I bought my husband, Bob, a t-shirt at General Assembly which has printed on it, “God bless the whole world, no exceptions.” He got it for Christmas two years ago.
At this time of year, I am reminded of what could be. Even in the shadow of tragedy, there is a promise of hope and goodwill. On December 7, 1914, Pope Benedict XV suggested a temporary hiatus of the war for the celebration of Christmas. The warring countries refused to create any official cease-fire, but on Christmas the soldiers in the trenches declared their own unofficial truce. The troops sang Christmas Carols together. They left their trenches and crossed no-man’s-land to offer up a Merry Christmas and Fröhliche Weihnachten. Afterward, many soldiers wondered it they could go back to killing. Might they go against orders and spare one another, lay down their weapons, and wage peace? It was not meant to be - officers’ threats of disciplinary action brought the idea to an end. Even so, this event serves as heartening proof, however brief, that beneath the brutal clash of weapons, the soldiers’ essential humanity endured. http://www.history.com/topics/world-war-i/christmas-truce-of-1914
It is so much easier to wage war than it is to wage peace. Waging peace means we must look at our role in the reality of what is going on around us. Waging peace means that we must take responsibility for the things of which we are not proud. We must try to make amends. Admit we've done wrong. This is true as individual human beings and as nations. What is our responsibility? What have I done and what have we done that has been less than helpful to a hungry, parched, weary, and hopeless world?
I have suggested on more than one occasion that we go forth and wage peace. I have had pushback on this suggestion. Mostly from folks who do not like the language of war. “Could you say that in a different way?” or “I wish you would suggest that we go forth and create peace or go forth and be the peace we wish to see in the world.” I understand that feeling and the desire to take the language of war out of the way we speak, yet other ways of saying this don’t convey the message I wish. I mean - go forth and wage peace with the same ease, commitment and passion that you would use to wage war. What would that look like?
My husband Bob and I live less than 2 hours from Disney World. For Christmas last year, we bought annual passes. We have never done it before, and probably won’t do it again for a long while, but it was fun for this one year. We have run over there for parts of days. When we drive by we just stop in and eat or watch the castle show in the Magic Kingdom. https://www.youtube.com/watch?v=XlRJxHwPnEY This YouTube video gives you an idea of what the show is like.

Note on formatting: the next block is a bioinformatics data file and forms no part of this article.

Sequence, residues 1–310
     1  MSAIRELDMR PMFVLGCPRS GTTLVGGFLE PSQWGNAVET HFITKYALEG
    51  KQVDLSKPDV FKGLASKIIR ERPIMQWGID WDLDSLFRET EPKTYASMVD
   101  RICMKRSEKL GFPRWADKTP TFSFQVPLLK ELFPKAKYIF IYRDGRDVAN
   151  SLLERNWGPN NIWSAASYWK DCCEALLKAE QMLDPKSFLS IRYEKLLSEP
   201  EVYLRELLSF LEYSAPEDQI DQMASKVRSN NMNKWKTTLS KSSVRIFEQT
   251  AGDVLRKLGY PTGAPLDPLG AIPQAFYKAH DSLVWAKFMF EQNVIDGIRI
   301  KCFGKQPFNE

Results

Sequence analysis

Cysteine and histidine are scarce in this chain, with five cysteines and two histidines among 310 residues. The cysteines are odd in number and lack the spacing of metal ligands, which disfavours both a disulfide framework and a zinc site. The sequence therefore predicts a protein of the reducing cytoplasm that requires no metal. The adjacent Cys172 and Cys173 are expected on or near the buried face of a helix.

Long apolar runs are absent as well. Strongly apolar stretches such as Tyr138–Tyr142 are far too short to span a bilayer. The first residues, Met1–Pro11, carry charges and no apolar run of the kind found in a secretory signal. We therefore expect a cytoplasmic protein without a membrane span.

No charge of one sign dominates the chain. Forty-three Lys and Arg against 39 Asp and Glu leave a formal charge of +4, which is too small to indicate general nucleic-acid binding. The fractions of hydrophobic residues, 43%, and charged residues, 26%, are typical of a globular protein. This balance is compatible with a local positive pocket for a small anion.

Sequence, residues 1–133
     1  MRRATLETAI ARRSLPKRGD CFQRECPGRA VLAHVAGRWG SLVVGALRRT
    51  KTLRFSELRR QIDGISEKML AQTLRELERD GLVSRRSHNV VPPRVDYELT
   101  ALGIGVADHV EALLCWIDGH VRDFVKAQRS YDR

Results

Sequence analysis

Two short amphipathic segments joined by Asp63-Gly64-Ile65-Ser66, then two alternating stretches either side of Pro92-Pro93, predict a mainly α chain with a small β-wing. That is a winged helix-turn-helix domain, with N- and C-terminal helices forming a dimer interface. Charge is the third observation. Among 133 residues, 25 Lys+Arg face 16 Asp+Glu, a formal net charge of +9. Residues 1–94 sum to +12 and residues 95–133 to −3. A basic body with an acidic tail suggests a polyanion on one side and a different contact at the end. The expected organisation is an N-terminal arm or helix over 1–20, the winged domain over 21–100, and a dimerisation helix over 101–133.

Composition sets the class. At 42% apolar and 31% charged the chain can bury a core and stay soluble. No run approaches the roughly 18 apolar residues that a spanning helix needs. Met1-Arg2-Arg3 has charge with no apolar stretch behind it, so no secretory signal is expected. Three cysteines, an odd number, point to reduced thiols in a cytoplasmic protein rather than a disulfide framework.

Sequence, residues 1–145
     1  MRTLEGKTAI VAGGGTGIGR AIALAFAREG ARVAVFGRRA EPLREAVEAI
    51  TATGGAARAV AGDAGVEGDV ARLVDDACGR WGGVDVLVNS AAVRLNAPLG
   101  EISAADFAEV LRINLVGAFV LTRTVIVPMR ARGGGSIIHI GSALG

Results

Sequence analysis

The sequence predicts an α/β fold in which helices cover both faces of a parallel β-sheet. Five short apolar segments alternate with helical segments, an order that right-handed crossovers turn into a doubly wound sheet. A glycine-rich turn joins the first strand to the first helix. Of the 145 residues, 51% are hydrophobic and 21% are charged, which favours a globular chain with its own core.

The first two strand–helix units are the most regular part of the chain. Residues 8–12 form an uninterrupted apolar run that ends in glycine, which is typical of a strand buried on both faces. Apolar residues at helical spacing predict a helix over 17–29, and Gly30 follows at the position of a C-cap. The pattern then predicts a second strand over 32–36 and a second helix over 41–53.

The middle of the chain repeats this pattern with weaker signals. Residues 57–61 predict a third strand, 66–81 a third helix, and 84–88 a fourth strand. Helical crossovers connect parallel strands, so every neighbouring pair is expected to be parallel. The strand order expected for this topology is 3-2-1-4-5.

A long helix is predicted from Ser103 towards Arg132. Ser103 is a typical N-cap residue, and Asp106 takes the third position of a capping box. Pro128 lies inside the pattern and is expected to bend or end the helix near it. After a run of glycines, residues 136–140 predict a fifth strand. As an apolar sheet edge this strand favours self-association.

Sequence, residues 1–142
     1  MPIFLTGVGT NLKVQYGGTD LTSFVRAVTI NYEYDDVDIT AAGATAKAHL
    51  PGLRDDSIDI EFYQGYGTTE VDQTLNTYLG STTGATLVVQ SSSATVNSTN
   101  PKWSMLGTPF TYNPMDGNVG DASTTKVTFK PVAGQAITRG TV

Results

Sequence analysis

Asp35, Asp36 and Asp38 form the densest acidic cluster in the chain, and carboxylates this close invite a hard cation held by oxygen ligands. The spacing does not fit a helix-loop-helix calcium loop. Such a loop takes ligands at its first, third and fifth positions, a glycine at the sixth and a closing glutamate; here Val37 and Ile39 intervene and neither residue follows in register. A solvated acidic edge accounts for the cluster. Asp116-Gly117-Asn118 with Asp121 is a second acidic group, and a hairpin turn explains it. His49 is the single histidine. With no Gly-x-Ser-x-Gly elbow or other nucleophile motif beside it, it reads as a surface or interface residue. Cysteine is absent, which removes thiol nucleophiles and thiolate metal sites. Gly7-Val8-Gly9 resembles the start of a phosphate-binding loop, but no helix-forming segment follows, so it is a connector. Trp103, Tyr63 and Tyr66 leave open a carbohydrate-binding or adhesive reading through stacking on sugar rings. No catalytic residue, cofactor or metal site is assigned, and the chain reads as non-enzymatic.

Because we can just walk in whenever we want, we have done several things that we would never have thought to do prior to this year. One example: we love the castle show so much, we just stop, camp out under the Walt and Mickey statue, and wait for the show to begin.
Every time we have done this in the past year, a community of people gathers. It is a real community. We feed each other, watch over one another, make sure that the children can see, share wisdom and space. We sing all the Disney songs in English - even when our natural language is Portuguese, Japanese or Hungarian. We laugh, we dash away tears, we are amazed, transformed, as if by magic. In the end, it is always difficult to say good-bye. There is a longing to make it last. We want to hang on to the peaceful, caring community that has formed. We touch, we smile at one another, we are grateful for this brief time we had together. It is, for the briefest moment, perfect. It is beloved. It is community. It forms spontaneously and with purpose. It lasts for two hours at the most. It is touching and real and full of possibility.
A few weeks ago, the last time we did this, Yumiko, a young woman from Japan, made Bob and me an origami Duffy (a Disney bear). As the fireworks ended and the music faded, we all looked at one another with that longing of not really wanting to let go and yet knowing it was time. Yumiko smiled and bowed and pressed the bear into my hand. I looked down and smiled. I thanked her. I was touched. I didn’t think to open it until the next day. It is a thank you note. It says, “Thank you for your kindness. I spent special time!! From Yumiko (Japan)” It sits on my desk and looks at me. It will always sit on my desk. We waged peace with the same ease, commitment, and passion that we would use to wage war. We all did it together, everyone that was in our small community under the Walt and Mickey statue.
At this time of year, when we often take the time to reflect on what we have accomplished or failed at, when we just might open our hearts to people and possibilities, I wish that we would find some time to wage a little peace. “God bless the whole world, no exceptions.” Peace on Earth and goodwill to all - all the people - all the Earth. “God bless us, every one!”